Life 102, Week 5 Notes
Life 102, Week 5 Notes Life 102
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This 8 page Class Notes was uploaded by Kyra Ferguson on Sunday February 21, 2016. The Class Notes belongs to Life 102 at Colorado State University taught by Erik Arthun in Winter 2016. Since its upload, it has received 18 views. For similar materials see Attributes of Living Systems in Life Science at Colorado State University.
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Date Created: 02/21/16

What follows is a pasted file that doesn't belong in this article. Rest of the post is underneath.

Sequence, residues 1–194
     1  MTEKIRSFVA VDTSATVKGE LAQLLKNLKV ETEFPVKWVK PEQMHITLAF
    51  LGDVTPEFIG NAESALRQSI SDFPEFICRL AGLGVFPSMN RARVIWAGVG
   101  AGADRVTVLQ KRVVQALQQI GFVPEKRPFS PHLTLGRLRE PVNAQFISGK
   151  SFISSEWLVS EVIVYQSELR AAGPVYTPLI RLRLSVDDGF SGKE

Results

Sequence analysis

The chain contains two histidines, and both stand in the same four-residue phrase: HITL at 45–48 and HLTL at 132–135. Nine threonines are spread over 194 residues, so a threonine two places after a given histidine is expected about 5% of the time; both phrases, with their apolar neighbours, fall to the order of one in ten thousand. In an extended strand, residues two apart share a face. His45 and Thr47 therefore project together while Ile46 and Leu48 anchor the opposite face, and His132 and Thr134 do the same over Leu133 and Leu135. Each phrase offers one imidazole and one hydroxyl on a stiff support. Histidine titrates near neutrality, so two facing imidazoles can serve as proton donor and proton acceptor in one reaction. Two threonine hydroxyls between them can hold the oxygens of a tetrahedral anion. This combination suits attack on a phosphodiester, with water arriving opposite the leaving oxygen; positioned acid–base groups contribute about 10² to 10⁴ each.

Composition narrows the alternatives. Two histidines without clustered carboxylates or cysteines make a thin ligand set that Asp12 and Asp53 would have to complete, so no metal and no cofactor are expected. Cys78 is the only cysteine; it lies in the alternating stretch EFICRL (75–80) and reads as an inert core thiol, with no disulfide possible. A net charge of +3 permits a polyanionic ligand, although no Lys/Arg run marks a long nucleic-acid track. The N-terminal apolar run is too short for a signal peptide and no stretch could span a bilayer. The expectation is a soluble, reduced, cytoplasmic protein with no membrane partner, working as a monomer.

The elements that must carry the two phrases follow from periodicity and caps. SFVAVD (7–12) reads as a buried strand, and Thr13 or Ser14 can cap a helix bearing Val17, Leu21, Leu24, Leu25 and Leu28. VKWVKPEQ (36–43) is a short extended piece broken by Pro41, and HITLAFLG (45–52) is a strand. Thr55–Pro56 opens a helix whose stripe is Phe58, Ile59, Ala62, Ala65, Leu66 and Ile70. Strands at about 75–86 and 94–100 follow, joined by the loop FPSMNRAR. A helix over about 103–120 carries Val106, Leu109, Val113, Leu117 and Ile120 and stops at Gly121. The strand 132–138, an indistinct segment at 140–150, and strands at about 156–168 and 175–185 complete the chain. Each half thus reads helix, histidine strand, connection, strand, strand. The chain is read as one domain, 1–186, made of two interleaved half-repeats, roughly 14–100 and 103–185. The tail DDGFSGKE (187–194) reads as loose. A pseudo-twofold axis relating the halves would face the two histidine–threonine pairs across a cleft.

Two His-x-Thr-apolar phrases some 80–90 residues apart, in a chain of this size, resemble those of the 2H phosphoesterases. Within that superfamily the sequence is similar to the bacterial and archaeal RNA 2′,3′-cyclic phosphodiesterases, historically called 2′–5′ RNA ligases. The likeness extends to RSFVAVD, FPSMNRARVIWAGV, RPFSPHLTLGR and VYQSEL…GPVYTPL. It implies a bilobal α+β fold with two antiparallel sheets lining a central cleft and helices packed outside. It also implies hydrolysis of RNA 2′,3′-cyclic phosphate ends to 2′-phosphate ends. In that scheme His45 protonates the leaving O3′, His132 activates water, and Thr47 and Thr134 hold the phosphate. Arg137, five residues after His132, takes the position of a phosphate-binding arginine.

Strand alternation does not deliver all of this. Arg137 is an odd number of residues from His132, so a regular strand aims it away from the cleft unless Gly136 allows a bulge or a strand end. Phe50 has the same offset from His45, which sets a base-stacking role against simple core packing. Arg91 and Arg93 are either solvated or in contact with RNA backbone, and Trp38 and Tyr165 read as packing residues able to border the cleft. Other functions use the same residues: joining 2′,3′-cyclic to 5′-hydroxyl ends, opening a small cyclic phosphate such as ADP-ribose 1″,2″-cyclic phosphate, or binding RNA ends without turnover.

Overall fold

Chapter 7: Membrane Structure and Function Cells and organelles are surrounded by membranes that are selectively permeable. Most realistic version of the cell is the Fluid Mosaic Model. The phospholipid bilayer is very fluid The proteins in the membrane give it most of its function. Cellular membranes are "fluid mosiacs" of lipids and proteins phosholipids- most abundant lipid in the plasma membrane phospholipids are amphipathic, containing hydrophobic and hydrophillic Membrane structure polar phosphate head and nonpolar fatty acid tails Functions: o create boundaries o control traffic selectively permeable Lipids more freely in the plasma membrane Multiple factors determine whether the membrane is fluid (liquid) or viscous (gummy) o temperature o type of phospholipids o cholesterol Fluidity of Membrane can move side to side (10 times per second) flip flop (once per month) Type of hydrocarbon tails in phospholipids Unsaturated or Saturated Affects fluidity Fluid (unsaturated, like oil), viscous (saturated) Steroid cholesterol keeps membrane fluidity optimal at different temperatures moderate temps- reduces phospholipid movement, reducing fluidity low temps- disrupts the regular packing of phospholipids, hindering solution Phospholipid bilayer is embedded with proteins (50% by weight) Freeze Fracture shows that proteins are embedded with proteins peripherals- bound to membrane surface integrals- transmembrane; membrane proteins "float" freely in the lipids nonpolar amino acids (in the nonpolar region the lipids) Membrane proteins and lipids are synthesized in the ER and Golgi Proteins determine most of the membrane's specific functions. Membrane protein functions transport- help move molecules from one side to another channel vs carrier enzyme activity- help with chemical reactions, and can be grouped into metabolic pathways signal transduction- send chemical messages across the membrane cell-cell recognition glycoproteins in membrane serve as identification ie, blood type- more than 50 on a blood cell Why do cells require movement across their membranes? Metabolic needs o Nutrients and Oxygen in o Wastes and Carbon Dioxide out Maintain potential energy of the cell: o Inorganic ions in and out o H , Na , K , Ca+ How are molecules moved across membranes? Passive o Always via "diffusion" - molecules move from high to low concentrations, and spread out evenly o Different molecules diffuse independently o Requires no addition of energy o Through bilayer Lipid- nonpolar o Through a transport protein (channel and carrier) Transport- polar or charged Active o Requires energy in the form of ATP o Molecules move against concentration gradient Molecules that can diffuse across lipid bilayer Nonpolar molecules o ie O2, CO2, hydrocarbons Small, uncharged polar molecules o ie H2O Larger molecules and ions need transport proteins to get across membrane Osmosis- passive diffusion of water across selectively permeable membrane What drives osmosis? Water follows salt (dissolved substance, solutes) Solutes that don't cross the membrane Water diffuses towards highest solute concentration Towards lowest free water concentration Direction of water movement during osmosis Both number of particles and water concentration have effects Molarity is additive (.1 glucose _+.4 fructose > .4 glucose) Water Balance of Cells without walls Tonicity is the ability of a surounding solution to cause a cell to gain or lose water Isotonic solution- solute concentration is the same as that inside the cell; no net change Hypertonic- solute concentration is more than that inside the cell; cell loses water Hypotonic- solute concentration is less than that inside the cell, cell gains water Implications of Osmosis for cells Animal Cells Animal cells prefer an isotonic environment Shrivels in hypertonic solutions Explodes in hypotonic solution Plant Cells Prefer hypotonic environment Becomes plasmolyzed in hypertonic solution (wilts) Becomes flaccid in isotonic solution Facilitated Diffusion Through Proteins Channel o specific hydrophilic tunnel across the membrane o ie aquaporins (water channels) serve to retain water in your kidneys without it, you would excrete 180 L of water a day Carrier o pass specific substances down concentration gradients through changes in the hsape of membrane protein o shift their binding site (translocate) across the membrane unbound- open to one side of the membrane bound- the other side (when it bonds to molecule) o substance is released Faster than diffusion across plasma membrane ions and large polar molecules can cross the membranes Active Transport Through Proteins Moves molecules against concentration gradient (requires ATP energy) ATP's thermal phosphate is transferred to membrane protein Induces change in protein shape Ion pumps create a membrane potential Membrane potential voltage difference across a membrane, generated by ion pumps Create electrochemical gradients 2 forces act on ions: Chemical: ions concentration gradient Electrical: effect of membrane potential on ion's movement Coupled through a cotransporter "Cotransporter"- transporter of two different molecules at the same trie by one carrier Transport of Particles/Large Molecules Proteins, Polysaccharides, Complex particles (Packaged in vesicles) Exocytosis- secretion of vesicles content via fusion with membrane Endocytosis- captures content from outside the cell Phagocytosis- Cell engulfs a particle and forms food vacuoles, which is digested by a lysosome Pinocytosis- cell captures extracellular fluid (which contains dissolved solutes) o non-specific Receptor Meditated- Cell acquires a specific substance found in low abundance, receptors are recycled Chapter 8: Introduction to Metabolism Metabolism- all biochemical reactions that occur in cells transformation of matter and energy Catabolism- breakdown of large molecules into smaller molecules o involves breakage of chemical bonds o often releases energy o ie, Cellular Respiration Anabolism- any process that results in synthesis or assembly of large molecules from smaller molecules o usually requires input of energy o ie synthesis of proteins of amino acids Energy- the capacity to cause change ie, rearrange matter, physically move or change bonds ie Potential Energy- Energy provided by location or structure ie Kinetic Energy- energy of motion ie Chemical Energy- potential energy of chemical bonds, released in chemical reactions First Law of Thermodynamics (Law of Energy Conservation) Energy can by transferred or transformed to other forms of energy but cannot be created or destroy Laws dictate metabolism, which require input or output of energy ie, Plants transform light into chemical energy All energy in the universe is constant Second Law of Thermodynamics During every energy transfer of transformation, some energy is unusable, and is often lost as heat The universe tends to go from highly ordered and complicated to disordered and less complicated All energy transformations result in an increase of "disorder" (entropy) Afterwards there is less "useful" energy Useful energy- "Gibbs free energy" Implications of metabolism: o Spontaneous reactions are only possible if the free energy (G) decreases, such as with gravitational motion, diffusion, or chemical reaction Exergonic and Endogonic Reactions in Metabolism an exergonic reaction proceeds with a net release of free energy and is spontaneous an endogonic reaction- absorbs free energy from its surroundings and is nonspontaneous If a reaction costs energy, it is endogenic, and the ∆G is greater than 0 If a reaction releases energy, it is exergonic, and the ∆G is less than 0 ATP's role in metabolism: ATP (adenosine triphosophates): molecule that transfers energy from exergonic to energonic reactions The energy shuttle fo the cell Adenine + Ribose + 3 Phosphate groups In cells: Energy from exergonic reactions is used to fuel endogonic reactions Mechanism of ATP Energy Transfer ATP ↔ ADP + P + energy The third phosphoate is removed All 3 phosphates have a negative charge, they are pushing a bunch against each other, which holds a lot of chemical energy (like a spring) ATP gives P to reactant, and reactant is energized